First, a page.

Beach-Comber, Wave-Watcher

A self-described “professional beach bum,” Wong Poh Poh was one of the first geographers to carve out a niche in coastal tourism.

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AsianScientist (Jul. 26, 2016) – Sturdy in his Bermuda shorts and rubber clogs, Wong Poh Poh, retired associate professor of geography at the National University of Singapore (NUS), emerges from around a corner in the garden of his rambling Hougang home holding a potted plant: Avicennia marina, a robust, common species that, belying its name, thrives even inland.

Professor Wong admires the versatility of the grey mangrove, as it is more commonly known. It provides animals with food; humans with burning fuel; and coastlines with shelter from high-energy waves.

“You want some mangroves in your garden, you just come and collect them,” he says. “The day I’m no longer around, these seedlings will be my standing testimony that mangroves can grow in my garden.”

Like the grey mangrove, the 70-year-old has thrived across a range of roles. He is most noted for being a coordinating lead author of the seminal work by the Intergovernmental Panel on Climate Change (IPCC), the international body of scientists that reviews and reports on the latest climate-change data for policymakers.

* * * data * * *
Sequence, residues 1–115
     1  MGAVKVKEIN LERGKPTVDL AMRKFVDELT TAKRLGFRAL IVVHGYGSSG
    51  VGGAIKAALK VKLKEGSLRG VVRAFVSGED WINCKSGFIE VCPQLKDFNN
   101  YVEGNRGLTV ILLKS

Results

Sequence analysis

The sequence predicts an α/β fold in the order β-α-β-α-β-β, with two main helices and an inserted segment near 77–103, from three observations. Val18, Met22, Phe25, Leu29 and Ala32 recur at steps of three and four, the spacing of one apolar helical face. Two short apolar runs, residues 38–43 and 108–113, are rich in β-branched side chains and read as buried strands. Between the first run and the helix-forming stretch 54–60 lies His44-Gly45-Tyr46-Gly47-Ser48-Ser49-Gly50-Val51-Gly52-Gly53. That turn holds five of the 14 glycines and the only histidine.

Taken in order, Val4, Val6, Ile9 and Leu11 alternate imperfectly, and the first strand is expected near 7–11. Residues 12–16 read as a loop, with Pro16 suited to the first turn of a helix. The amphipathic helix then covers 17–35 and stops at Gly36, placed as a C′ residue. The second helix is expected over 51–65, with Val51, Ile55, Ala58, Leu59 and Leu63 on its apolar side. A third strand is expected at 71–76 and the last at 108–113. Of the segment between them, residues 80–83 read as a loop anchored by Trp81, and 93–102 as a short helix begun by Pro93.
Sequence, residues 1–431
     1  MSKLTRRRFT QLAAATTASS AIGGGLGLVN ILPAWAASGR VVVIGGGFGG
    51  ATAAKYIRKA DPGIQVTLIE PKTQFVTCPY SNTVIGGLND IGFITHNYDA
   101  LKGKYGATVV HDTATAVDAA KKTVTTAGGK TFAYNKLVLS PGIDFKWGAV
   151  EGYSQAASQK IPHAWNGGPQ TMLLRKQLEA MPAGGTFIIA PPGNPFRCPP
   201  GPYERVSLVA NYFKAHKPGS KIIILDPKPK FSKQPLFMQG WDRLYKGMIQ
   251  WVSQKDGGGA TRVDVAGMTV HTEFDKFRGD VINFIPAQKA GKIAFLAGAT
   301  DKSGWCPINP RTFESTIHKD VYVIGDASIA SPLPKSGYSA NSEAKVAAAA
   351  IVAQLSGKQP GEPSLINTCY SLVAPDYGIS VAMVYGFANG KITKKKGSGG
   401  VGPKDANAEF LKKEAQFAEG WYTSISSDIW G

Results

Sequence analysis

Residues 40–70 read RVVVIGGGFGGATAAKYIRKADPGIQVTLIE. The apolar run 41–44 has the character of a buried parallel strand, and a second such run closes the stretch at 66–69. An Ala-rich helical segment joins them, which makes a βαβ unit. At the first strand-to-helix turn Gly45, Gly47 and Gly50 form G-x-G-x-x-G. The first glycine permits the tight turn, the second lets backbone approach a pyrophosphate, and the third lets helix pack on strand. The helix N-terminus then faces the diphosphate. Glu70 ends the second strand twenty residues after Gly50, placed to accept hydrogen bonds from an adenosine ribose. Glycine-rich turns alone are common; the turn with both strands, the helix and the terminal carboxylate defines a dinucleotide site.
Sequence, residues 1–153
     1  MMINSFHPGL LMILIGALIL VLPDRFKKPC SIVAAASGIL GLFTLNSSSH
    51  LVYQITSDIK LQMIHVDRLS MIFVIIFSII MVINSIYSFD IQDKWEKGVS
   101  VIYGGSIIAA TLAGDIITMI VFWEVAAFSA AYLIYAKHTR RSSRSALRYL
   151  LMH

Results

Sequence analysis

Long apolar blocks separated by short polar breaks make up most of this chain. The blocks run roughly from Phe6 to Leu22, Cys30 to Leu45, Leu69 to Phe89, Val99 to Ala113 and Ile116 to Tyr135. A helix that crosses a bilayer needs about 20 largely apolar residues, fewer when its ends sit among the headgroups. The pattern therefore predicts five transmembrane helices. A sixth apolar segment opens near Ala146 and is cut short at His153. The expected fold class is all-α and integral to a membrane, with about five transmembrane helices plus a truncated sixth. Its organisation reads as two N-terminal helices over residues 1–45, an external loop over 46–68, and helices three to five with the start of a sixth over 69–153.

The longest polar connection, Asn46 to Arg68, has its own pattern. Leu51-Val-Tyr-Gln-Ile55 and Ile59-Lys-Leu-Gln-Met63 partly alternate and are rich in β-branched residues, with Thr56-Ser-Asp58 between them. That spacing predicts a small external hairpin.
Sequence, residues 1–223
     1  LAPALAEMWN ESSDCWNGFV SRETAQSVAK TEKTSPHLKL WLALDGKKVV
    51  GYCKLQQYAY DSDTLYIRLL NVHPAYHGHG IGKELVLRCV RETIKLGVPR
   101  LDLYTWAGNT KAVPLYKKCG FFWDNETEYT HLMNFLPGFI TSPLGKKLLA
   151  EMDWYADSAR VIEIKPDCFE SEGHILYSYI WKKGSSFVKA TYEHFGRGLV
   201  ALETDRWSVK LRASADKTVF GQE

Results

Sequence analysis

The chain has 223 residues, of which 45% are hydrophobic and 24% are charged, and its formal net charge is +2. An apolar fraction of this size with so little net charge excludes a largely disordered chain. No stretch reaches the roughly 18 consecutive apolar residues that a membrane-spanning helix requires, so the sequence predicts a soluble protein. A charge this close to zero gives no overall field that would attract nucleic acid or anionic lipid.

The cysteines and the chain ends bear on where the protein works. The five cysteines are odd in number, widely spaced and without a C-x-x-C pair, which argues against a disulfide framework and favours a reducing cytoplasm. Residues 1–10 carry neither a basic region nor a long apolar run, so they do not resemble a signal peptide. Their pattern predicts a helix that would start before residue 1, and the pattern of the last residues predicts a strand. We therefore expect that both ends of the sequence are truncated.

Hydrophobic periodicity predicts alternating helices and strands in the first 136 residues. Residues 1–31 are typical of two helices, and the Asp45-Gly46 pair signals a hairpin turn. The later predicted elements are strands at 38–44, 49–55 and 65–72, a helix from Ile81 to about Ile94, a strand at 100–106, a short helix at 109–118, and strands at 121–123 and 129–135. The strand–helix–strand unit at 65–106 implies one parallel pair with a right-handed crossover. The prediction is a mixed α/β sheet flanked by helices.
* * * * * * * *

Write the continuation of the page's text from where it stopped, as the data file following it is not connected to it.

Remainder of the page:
In 2007, IPCC and Al Gore, former US vice president, shared a Nobel Peace Prize for disseminating knowledge on man-made climate change. It was the highlight of a four-decade career studying coasts—specifically, how human activity such as tourism reshapes the coastline, and how the coastline itself influences human activity.

The accidental geographer

Coastal geomorphology is a field that chose Professor Wong. As a student at the University of Singapore, he did so well in geography classes and so enjoyed the subject that the department, short of Singaporean lecturers, sent him to McGill University in Canada for a PhD.

But what exactly would he study?

“Singapore has no big rivers, no forests, no deserts, no glaciers, and no mountains,” Professor Wong laughs. “The only thing left was beaches.”

But by the 1970s, when he returned, most of Singapore’s natural beaches had vanished beneath reclamation, so Professor Wong looked to other field sites, for example studying how monsoons affected beaches on Malaysia’s east coast.

Shortly thereafter, he was inspired to apply his hard-science skills to coastal tourism. The Association of American Geographers had just published a path-breaking paper on the geography of tourism.

“Tourism used to be at the fringe of serious studies,” Professor Wong says. “Nobody studied it except at business school.”

His interest was in the interplay between resorts and coasts—how the geomorphology of a coast affects the layout, nature and management of a resort; and subsequently how resort development affects the coast.

As one of the first geographers to carve out a niche in coastal tourism, Professor Wong surveyed resorts around Asia, including beach resorts on rocky shores that had hauled sand in to create artificial beaches; resorts which had installed their own corals; and resorts with manmade freshwater and marine swimming pools along the coast. In 1992, he wrote a research article on the impact of sea level rise on coasts.